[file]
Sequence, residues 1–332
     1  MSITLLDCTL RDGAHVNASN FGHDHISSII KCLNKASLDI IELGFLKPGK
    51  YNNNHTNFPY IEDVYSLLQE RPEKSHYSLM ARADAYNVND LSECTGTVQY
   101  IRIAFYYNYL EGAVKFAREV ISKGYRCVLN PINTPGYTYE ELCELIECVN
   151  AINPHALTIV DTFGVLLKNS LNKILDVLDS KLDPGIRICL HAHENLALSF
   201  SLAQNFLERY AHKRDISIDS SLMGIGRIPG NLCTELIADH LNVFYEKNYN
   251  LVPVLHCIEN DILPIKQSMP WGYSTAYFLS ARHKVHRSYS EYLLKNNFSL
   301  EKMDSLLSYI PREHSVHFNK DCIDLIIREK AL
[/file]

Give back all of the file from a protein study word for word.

Sequence, residues 1–332
     1  MSITLLDCTL RDGAHVNASN FGHDHISSII KCLNKASLDI IELGFLKPGK
    51  YNNNHTNFPY IEDVYSLLQE RPEKSHYSLM ARADAYNVND LSECTGTVQY
   101  IRIAFYYNYL EGAVKFAREV ISKGYRCVLN PINTPGYTYE ELCELIECVN
   151  AINPHALTIV DTFGVLLKNS LNKILDVLDS KLDPGIRICL HAHENLALSF
   201  SLAQNFLERY AHKRDISIDS SLMGIGRIPG NLCTELIADH LNVFYEKNYN
   251  LVPVLHCIEN DILPIKQSMP WGYSTAYFLS ARHKVHRSYS EYLLKNNFSL
   301  EKMDSLLSYI PREHSVHFNK DCIDLIIREK AL